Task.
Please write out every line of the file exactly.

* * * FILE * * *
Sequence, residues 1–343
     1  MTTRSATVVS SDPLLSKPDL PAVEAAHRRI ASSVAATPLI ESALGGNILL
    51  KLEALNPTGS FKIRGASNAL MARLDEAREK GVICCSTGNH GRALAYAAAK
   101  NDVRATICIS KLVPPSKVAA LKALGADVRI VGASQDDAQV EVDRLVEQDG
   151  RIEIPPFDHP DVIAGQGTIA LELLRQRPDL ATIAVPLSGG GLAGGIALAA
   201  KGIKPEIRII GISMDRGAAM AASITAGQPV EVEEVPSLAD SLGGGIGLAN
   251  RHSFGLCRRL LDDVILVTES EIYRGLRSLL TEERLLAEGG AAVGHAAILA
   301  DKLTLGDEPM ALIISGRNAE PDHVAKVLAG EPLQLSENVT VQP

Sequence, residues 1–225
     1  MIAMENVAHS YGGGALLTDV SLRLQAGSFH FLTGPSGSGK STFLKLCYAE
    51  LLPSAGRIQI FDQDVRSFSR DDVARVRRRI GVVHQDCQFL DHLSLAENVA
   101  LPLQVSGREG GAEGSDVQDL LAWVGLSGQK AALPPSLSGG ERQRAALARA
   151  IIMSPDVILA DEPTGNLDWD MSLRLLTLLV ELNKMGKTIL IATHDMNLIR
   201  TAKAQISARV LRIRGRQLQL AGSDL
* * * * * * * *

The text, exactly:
Sequence, residues 1–343
     1  MTTRSATVVS SDPLLSKPDL PAVEAAHRRI ASSVAATPLI ESALGGNILL
    51  KLEALNPTGS FKIRGASNAL MARLDEAREK GVICCSTGNH GRALAYAAAK
   101  NDVRATICIS KLVPPSKVAA LKALGADVRI VGASQDDAQV EVDRLVEQDG
   151  RIEIPPFDHP DVIAGQGTIA LELLRQRPDL ATIAVPLSGG GLAGGIALAA
   201  KGIKPEIRII GISMDRGAAM AASITAGQPV EVEEVPSLAD SLGGGIGLAN
   251  RHSFGLCRRL LDDVILVTES EIYRGLRSLL TEERLLAEGG AAVGHAAILA
   301  DKLTLGDEPM ALIISGRNAE PDHVAKVLAG EPLQLSENVT VQP

Sequence, residues 1–225
     1  MIAMENVAHS YGGGALLTDV SLRLQAGSFH FLTGPSGSGK STFLKLCYAE
    51  LLPSAGRIQI FDQDVRSFSR DDVARVRRRI GVVHQDCQFL DHLSLAENVA
   101  LPLQVSGREG GAEGSDVQDL LAWVGLSGQK AALPPSLSGG ERQRAALARA
   151  IIMSPDVILA DEPTGNLDWD MSLRLLTLLV ELNKMGKTIL IATHDMNLIR
   201  TAKAQISARV LRIRGRQLQL AGSDL